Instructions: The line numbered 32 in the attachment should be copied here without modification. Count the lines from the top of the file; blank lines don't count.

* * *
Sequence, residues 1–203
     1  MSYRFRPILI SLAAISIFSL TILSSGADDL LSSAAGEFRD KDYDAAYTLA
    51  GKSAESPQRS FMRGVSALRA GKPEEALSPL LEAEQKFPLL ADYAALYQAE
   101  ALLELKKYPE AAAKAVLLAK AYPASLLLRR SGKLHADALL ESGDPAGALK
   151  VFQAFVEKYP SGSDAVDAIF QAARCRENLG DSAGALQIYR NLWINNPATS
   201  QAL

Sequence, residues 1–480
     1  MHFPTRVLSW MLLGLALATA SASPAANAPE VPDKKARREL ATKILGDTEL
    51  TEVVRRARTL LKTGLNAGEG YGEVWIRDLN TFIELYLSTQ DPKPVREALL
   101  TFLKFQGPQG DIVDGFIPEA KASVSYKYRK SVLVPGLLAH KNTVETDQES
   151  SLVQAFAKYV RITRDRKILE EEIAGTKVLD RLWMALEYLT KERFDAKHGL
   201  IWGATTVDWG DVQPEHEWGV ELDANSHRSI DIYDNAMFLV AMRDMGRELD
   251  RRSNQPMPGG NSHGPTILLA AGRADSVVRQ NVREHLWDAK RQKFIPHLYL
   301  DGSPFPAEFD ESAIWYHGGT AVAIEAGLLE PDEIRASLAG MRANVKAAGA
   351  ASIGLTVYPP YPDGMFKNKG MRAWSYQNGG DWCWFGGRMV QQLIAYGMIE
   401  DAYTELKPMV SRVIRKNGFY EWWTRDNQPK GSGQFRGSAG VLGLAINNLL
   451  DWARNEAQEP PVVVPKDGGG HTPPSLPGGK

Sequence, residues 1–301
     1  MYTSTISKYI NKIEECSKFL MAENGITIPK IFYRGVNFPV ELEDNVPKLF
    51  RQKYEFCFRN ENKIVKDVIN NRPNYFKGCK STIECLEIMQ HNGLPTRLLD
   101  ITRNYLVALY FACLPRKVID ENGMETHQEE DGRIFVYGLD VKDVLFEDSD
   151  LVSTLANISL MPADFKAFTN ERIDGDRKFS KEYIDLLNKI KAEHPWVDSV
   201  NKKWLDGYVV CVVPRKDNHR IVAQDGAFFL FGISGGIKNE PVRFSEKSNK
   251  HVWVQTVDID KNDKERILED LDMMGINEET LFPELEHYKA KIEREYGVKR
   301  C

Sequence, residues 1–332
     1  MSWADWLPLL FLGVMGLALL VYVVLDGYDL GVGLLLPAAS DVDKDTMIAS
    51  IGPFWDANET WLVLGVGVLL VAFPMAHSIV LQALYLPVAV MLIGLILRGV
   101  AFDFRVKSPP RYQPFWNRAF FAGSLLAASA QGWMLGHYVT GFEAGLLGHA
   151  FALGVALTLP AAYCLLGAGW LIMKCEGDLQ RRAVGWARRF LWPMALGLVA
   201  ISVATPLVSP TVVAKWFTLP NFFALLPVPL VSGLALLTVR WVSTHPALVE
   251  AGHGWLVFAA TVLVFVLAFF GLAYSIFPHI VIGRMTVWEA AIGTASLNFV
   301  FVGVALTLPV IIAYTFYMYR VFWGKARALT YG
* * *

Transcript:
   251  AGHGWLVFAA TVLVFVLAFF GLAYSIFPHI VIGRMTVWEA AIGTASLNFV